Kampot Pepper – If you thought that all the French left behind in Cambodge was the seeds of bureaucratic corruption, madcap defamation laws, and some decaying colonial architecture, then think again. Never in my life have I been tempted to eat a spoonful of unadulterated peppercorns straight out of their plastic bag. Both fresh and dried Kampot pepper induces this sort of madness. Describing pepper as decadent seems to be something that was lost in the High Middle Ages: a decadence that the manganese rich soil of Kampot has managed to retain.

Fish Amok – If there were two words of French origin with “mousse” in them that I could never say enough, one would be “mousseline”. However, describing fish amok as a “mousseline fish curry” does not capture the clever subtlety of the dish, which balances fresh turmeric, galangal, lemongrass, krachai and palm sugar with the almost uniquely Cambodian ingredient, slok gno leaf (Morinda Citrifolia in Latin). Not to mention that most Khmer people tend to prefer a more liquid, un-mousse-like amok.

Cambodian BeerCambodian beer will always have a place in my heart, right next to that blood fluke that I caught while swimming in the Mekong. It’s certainly not all that bad, only most of it. What Cambrew and Cambodia Brewery do well is consistency. I’ve got no doubts that they could brew excellent beers given a larger budget, but the market for a quality brew in Cambodia would be so minute that there is no incentive. You shouldn’t expect much when you pay $10 or less per 24 cans, and frankly, it pays to come down from the ivory tower of hand-pulled real ales to fraternise with the locals.

For those of you reading closely, the other French word would be “pamplemousse”.

Khmer: The National Alcohol Beverage

Khmer Beer

Brewer: Some guys out in Daun Mann

As I opened this bottle of cold Khmer, I was reminded of an edition of the blog Steve, Don’t Eat It!. Not content with eating corn smut or the original Steve Urkel breakfast cereal ten years past its use-by date, Steve decides to brew his own prison wine (or “pruno” in the American prison vernacular). He refers to the Jim Hogshire 1994 classic “You Are Going To Prison”:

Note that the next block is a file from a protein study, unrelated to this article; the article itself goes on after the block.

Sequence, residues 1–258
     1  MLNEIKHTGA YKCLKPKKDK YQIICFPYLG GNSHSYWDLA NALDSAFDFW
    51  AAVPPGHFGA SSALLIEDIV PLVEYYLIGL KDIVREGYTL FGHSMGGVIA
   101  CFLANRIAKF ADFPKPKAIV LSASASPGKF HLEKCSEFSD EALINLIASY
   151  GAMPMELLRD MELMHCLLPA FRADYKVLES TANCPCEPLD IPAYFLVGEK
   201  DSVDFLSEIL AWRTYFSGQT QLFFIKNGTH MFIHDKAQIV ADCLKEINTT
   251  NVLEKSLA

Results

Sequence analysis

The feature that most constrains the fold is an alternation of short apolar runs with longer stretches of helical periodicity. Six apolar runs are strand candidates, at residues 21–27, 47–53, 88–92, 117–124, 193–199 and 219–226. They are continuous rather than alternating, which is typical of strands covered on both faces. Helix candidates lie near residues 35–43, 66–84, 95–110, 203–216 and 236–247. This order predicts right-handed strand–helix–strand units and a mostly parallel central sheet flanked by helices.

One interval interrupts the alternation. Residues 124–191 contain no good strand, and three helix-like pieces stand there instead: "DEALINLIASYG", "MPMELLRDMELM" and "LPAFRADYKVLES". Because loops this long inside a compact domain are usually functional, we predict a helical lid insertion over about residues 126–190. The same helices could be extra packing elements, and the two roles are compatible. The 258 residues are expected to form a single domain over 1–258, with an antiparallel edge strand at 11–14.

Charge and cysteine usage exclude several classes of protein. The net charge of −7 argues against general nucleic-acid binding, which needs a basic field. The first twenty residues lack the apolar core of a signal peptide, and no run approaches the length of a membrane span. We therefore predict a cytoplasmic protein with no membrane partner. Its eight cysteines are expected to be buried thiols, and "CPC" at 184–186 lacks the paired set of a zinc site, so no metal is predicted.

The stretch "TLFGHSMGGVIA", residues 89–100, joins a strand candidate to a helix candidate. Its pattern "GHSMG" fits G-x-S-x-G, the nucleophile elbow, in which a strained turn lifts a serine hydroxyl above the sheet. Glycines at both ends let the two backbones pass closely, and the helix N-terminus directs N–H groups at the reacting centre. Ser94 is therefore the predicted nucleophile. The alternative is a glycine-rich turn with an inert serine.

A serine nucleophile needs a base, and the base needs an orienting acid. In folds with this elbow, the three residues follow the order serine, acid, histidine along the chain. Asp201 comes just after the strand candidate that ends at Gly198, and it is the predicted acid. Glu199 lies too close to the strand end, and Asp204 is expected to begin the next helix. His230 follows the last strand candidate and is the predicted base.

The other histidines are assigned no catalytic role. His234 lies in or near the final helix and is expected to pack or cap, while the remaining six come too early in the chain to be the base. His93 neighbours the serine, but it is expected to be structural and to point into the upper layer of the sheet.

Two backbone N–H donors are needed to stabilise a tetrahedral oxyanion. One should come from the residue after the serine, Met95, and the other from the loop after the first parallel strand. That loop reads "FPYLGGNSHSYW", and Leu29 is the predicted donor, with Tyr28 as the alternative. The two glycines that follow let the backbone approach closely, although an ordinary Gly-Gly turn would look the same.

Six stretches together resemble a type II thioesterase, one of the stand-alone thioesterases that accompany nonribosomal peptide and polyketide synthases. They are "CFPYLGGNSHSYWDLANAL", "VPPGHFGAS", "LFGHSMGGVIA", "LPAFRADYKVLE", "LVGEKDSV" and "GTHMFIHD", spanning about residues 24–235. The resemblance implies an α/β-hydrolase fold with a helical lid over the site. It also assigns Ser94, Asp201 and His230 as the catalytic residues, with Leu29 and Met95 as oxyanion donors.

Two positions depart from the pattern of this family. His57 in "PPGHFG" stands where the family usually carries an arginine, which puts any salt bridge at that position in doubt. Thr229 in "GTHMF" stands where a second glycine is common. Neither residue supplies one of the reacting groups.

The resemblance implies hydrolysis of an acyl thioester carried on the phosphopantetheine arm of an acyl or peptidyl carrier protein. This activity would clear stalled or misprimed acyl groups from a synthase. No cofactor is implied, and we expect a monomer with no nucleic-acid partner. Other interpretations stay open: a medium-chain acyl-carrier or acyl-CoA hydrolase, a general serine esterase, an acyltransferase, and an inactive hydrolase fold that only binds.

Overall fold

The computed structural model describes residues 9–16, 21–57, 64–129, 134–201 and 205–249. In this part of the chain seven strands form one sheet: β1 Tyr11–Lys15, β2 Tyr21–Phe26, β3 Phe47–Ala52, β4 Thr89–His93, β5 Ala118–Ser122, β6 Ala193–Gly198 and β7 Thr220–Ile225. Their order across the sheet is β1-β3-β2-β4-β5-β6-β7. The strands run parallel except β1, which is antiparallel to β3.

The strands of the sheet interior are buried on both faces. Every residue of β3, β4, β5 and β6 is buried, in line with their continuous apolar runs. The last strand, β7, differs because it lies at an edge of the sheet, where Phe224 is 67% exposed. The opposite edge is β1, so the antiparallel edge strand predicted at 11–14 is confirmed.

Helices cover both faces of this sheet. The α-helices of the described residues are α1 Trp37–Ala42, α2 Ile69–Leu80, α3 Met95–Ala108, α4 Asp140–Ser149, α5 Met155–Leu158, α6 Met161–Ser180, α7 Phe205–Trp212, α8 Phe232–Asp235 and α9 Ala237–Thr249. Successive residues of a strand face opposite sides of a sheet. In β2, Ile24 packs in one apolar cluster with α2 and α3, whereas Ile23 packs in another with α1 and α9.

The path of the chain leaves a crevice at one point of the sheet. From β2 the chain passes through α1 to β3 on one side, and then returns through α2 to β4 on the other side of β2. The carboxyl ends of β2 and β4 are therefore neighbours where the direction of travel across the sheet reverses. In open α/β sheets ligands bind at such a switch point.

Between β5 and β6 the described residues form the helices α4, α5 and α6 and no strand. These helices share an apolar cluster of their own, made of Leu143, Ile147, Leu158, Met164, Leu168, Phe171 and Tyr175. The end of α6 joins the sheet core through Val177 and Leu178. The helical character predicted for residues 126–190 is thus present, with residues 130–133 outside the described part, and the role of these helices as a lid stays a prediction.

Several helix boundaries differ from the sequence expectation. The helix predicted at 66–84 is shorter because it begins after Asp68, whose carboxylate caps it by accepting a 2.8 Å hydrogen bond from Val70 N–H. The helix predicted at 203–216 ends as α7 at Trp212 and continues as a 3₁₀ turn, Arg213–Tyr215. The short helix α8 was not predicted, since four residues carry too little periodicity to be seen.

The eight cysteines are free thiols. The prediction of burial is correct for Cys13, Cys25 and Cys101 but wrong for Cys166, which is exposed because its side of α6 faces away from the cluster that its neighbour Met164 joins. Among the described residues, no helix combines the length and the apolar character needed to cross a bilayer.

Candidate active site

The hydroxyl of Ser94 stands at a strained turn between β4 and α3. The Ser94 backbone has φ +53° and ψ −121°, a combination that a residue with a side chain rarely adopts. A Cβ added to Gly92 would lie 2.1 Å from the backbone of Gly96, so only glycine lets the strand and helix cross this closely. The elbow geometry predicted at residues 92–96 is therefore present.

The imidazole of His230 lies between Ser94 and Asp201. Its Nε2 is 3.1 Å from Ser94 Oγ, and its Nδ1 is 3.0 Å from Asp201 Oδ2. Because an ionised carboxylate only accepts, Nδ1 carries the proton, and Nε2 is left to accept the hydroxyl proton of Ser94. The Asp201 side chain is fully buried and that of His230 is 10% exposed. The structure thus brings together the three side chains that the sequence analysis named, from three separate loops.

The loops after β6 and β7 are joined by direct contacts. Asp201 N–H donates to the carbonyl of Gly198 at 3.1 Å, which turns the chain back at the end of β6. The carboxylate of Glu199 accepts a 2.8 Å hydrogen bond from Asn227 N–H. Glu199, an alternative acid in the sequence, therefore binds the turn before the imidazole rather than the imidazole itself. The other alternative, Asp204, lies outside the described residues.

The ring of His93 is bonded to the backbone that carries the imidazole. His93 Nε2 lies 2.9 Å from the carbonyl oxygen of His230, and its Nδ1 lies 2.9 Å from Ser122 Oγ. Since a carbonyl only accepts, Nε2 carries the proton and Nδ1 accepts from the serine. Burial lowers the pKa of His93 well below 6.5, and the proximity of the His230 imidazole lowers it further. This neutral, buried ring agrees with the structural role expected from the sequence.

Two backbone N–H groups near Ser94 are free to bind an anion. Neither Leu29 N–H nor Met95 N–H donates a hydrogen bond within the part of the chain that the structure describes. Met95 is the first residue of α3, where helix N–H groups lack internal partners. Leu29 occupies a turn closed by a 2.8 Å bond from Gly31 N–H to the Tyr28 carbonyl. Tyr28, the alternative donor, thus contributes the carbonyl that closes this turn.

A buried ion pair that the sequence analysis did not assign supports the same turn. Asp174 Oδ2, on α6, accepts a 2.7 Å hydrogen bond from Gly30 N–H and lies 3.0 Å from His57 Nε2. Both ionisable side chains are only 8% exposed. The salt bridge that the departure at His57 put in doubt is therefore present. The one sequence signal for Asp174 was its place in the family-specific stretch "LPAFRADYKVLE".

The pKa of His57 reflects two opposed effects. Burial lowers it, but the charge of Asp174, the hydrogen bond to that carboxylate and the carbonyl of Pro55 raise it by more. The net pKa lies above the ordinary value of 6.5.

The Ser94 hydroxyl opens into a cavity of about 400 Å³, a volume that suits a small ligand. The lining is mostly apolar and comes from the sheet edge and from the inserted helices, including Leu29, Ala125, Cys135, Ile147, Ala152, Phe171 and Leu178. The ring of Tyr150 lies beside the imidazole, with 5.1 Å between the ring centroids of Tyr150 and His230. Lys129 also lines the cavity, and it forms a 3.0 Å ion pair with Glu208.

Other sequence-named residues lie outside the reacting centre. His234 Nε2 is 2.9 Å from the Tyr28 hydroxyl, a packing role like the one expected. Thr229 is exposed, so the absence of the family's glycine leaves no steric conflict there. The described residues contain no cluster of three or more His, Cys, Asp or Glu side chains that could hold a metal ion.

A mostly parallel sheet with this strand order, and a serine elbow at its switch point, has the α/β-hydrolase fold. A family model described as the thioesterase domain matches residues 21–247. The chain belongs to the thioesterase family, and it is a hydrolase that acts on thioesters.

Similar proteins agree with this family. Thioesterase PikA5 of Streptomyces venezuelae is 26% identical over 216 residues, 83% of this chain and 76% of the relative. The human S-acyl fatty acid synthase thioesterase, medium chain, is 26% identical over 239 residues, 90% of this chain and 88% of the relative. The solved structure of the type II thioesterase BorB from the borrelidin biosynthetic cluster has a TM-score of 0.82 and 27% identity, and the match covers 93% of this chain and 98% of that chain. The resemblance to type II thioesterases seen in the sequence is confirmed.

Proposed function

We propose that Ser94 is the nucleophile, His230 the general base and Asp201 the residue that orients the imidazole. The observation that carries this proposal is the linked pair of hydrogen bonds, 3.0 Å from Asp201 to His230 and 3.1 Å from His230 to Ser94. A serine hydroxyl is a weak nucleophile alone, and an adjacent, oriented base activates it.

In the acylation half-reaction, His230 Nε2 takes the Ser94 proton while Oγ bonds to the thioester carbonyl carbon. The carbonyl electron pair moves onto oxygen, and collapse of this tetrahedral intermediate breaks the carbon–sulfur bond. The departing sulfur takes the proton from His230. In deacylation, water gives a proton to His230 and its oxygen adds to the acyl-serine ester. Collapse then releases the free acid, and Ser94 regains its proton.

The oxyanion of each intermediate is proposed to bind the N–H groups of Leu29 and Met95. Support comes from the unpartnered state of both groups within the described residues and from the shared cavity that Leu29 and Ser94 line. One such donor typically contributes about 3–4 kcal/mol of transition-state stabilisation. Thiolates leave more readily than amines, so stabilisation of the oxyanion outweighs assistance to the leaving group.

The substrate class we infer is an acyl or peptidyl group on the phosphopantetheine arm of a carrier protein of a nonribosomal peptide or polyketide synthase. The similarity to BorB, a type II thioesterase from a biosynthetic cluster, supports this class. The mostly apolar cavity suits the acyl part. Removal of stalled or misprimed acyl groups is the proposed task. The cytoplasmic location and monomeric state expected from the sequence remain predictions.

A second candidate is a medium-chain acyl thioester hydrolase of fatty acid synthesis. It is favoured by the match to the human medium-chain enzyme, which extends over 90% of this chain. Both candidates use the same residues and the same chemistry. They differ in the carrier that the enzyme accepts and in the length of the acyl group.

One of the problems you have right away with making wine in prison is the difficulty getting yeast. It’s a strictly forbidden item and you might not be able to get any. In this case you can improvise the by using slices of bread, preferably moldy (but not dry) and preferably inside a sock for easier straining.”

The initial aroma wafting from my Khmer smelled as if it had been created with moldy bread strained through a sock. A sock that Satan himself had been wearing on a particularly loathsome day in the sulphur mines. The rotten egg notes continue through to the flavour, where they seem to cut through the mouth-puckering sourness and overwhelm anything else in this beverage. The brew has a slight natural effervescence which only serves to make things worse. Alcohol by volume was listed as 4.5%, so there wasn’t much hopes that a few swift gulps could anaesthetise my tastebuds into submission.

There are at least one hundred uses for the ubiquitous sugar palm tree in Cambodia and this is the very worst.

If this beverage was jailed, it would be for: Grand Theft Hydrogen Sulfide

Availability: Bottle only, in drink stores.

See also: Taipei Times interviews the Khmer beer manufacturers.

Take your stinking paws off my stout, you damned dirty ape!

New to the Cambodian blog scene, Details are Sketchy reprints the Cambodia Daily’s monkey o’ the day scoop: jealous ape hooked on stout.

Forestry officials will investigate reports that customers at a Battambang province restaurant have been plying a pet monkey with multiple cans of ABC Stout after it developed a taste for the eight-percent alcoholic drink, an official said Wednesday.

Three-year-old Mira recently started drinking at least three cans of stout per day, apparently to cope with jealously caused by waitresses pretending to flirt with male customers, according to Rath Sorphea, owner of Sorphea Restaurant in Battambang district.

Too much monkey-related news is never enough.

Previously on Phnomenon: ABC Stout

Cambodian Beers a No-Show

Despite being entrants since its inception and proudly displaying their medals on the bottle, none of Cambodia’s breweries entered the 2006 Australian International Beer Awards. Regionally, BGI, Chang Light, Beer Lao and Myanmar Beer all made an effort, with Chang Light receiving a bronze in the International Lager – Other section.

For a full listing of the 2006 winners and losers, read the AIBA catalogue of results. For anyone loosely interested in small breweries, the list of exhibitors at the end is a good wrap up of the rapidly expanding list of microbreweries in Australia.